The real enthusiasts are usuallly better served by the satellite channels, although fair play to the BBBC for showing the GP qualifying on BBCi.

That's what I think, anyway.


What you say makes sense. Essentially you suggest that the advertisers want the casual viewer who watch the main event only, the enthusiasts want the more detailed coverage offered by the Satellite channels. If the TV coverage was to offer both then that would be the solution. Say full coverage on a satellite channel such as Eurosport, and a condensed highlights TV program on one of the 4 Terrestrial channels, like say channel 4. Oh, oddly enough that's what we are going to get.

So what's Geoff Willis' point again?  Is this bad for BSB?


Posted: 11/03/2008 at 14:34

The Spin Doctor wrote (see)
<< Eurosport, on the other hand, relies purely on sound-only commentary teams for its MotoGP and World Superbikes offerings, backed up by a fat bloke on a sofa in a studio somewhere in the Home Counties.>>

So having Suzy Perry or one of her clones wandering thru the grid exchanging inanities with the riders is a key part of the coverage is it?

I'd go for Randy Mamola on the end of the mic everytime.


Watching Suzi wandering though the grid is the second highlight of the meeting after qualifying.

As soon as she's off and the Australian dimwit comes on, I'm off to Eurosport and Toby and Uncle Julian

And Randy


Posted: 11/03/2008 at 14:57

Is there a formal statement from ITV giving the reason why they have dropped their coverage?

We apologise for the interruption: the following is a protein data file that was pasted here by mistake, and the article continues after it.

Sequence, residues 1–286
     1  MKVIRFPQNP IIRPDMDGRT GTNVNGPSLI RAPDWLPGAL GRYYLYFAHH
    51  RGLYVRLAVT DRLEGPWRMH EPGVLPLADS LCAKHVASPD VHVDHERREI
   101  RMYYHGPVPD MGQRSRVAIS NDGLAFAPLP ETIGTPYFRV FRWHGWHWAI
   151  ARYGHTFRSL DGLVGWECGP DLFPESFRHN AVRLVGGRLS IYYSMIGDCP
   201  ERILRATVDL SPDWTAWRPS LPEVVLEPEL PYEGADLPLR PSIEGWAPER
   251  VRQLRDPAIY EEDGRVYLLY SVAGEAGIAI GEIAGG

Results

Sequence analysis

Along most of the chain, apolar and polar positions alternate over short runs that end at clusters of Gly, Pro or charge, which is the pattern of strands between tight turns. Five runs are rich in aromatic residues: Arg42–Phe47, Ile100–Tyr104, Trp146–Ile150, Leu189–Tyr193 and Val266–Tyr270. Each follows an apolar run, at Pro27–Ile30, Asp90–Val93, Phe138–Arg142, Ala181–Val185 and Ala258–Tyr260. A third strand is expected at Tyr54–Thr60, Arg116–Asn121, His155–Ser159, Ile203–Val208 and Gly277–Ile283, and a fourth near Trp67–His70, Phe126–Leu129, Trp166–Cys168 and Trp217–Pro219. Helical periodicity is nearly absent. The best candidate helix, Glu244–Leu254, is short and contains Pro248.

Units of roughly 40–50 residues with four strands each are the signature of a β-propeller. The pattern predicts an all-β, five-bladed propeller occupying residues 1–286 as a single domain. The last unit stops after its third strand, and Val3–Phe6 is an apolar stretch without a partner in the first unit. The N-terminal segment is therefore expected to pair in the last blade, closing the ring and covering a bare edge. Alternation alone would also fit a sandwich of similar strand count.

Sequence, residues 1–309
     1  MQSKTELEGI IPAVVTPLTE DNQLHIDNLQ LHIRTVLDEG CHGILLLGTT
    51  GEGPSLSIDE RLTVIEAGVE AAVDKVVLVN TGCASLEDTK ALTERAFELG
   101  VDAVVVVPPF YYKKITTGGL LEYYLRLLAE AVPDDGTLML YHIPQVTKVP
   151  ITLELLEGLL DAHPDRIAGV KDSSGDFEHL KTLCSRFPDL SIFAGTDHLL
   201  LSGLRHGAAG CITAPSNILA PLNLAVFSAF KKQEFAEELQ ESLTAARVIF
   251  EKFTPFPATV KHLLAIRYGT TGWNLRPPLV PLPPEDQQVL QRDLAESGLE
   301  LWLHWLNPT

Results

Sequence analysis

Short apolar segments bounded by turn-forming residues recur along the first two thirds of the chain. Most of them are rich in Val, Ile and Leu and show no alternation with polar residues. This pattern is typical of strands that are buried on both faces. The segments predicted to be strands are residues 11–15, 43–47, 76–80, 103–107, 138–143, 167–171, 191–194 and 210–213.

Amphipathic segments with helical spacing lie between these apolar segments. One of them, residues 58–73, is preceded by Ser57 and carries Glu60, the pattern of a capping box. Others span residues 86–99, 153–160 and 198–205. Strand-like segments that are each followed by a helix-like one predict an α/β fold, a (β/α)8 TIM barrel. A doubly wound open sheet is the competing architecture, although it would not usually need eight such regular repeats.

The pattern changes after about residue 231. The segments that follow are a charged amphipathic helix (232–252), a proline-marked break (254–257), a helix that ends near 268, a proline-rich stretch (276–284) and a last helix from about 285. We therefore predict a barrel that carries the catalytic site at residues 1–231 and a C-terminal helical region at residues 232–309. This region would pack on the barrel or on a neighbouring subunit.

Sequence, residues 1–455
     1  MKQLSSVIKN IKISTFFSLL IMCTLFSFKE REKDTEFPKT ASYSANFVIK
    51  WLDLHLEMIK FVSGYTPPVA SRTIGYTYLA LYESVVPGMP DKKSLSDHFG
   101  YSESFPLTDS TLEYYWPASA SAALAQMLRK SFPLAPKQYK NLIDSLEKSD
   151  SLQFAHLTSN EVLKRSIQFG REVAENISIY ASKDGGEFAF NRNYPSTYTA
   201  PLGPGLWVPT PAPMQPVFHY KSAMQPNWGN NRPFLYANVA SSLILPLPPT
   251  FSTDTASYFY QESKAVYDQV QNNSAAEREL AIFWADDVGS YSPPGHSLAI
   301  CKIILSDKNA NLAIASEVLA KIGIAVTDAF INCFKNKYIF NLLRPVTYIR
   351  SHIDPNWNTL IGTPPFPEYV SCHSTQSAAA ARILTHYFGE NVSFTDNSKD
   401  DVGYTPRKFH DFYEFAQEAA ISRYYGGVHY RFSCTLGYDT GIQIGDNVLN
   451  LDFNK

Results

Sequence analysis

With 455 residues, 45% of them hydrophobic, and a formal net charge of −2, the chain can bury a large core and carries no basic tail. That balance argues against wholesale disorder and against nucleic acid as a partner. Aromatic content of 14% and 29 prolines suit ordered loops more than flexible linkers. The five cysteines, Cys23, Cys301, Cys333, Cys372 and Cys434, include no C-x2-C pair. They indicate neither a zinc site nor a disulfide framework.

Whilst I don't consider this to be a blow to me personally (although my brother-in-law will feel the kick to the teeth), I'm anxious to find out whether recent cost cutting exercises (ref: phone in shows) have resulted in a lacking programming schedule.


Posted: 11/03/2008 at 18:54

Its a terrible shame i love bsb and thought that itv signed a 2 year deal ,I was really looking forward to it ,such an exciting close series.

Posted: 11/03/2008 at 23:01


Aki
I don't understand why eurosport doesn't bid for a channel on freeview. I know you can get it already on that joke set up "top Up TV" but who's gonna pay £7 mth get the only channel worth having? Channel 4 were quick to realise the extra revenue from advertising on a free channel far out ways revenue from subscription and so dumped top up tv and moved e4 and film 4 to freeview. I don't think sponsors of a domestic race series like BSB are going to be interested in subscription based satelite coverage worldwide or not! Lets take the series sponsor Bennetts, what interest is it to them if the rest of the world is watching, when they sell insurance in the UK?

Posted: 12/03/2008 at 09:27

Top-up TV doesn't offer live Eurosport, only half-hour highlights of selected sports, which don't include motorcycling.

Roger's comments are awfully partial, but I suspect that's the point of his column - to stimulate debate rather than articulate an honestly held view.

Obviously the biggest single factor in who gets what is cash  - and it's not a simple case of promoter sells rights to broadcaster.

Often it's the other way around; promoter pays for his sport to be aired and my suspicion is that ITV wanted too much cash and Eurosport were prepared to air it for next to nowt.

Blame ITV greed if you must, MSV aren't trying to shaft BSB - in doing so they'd only be screwing themselves.

I think Roger's already aware of this, I'd be surprised if he isn't, so it's probably worth taking his opining with a large pinch of salt.

Unless he'd rather see it of air altogether? Roger, Roger?